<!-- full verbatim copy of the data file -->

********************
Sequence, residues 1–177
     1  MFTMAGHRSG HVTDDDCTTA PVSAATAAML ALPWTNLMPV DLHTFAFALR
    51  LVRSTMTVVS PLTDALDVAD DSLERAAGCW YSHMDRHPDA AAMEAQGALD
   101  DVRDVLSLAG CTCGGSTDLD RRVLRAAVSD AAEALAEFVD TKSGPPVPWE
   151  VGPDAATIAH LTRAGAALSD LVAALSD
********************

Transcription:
Sequence, residues 1–177
     1  MFTMAGHRSG HVTDDDCTTA PVSAATAAML ALPWTNLMPV DLHTFAFALR
    51  LVRSTMTVVS PLTDALDVAD DSLERAAGCW YSHMDRHPDA AAMEAQGALD
   101  DVRDVLSLAG CTCGGSTDLD RRVLRAAVSD AAEALAEFVD TKSGPPVPWE
   151  VGPDAATIAH LTRAGAALSD LVAALSD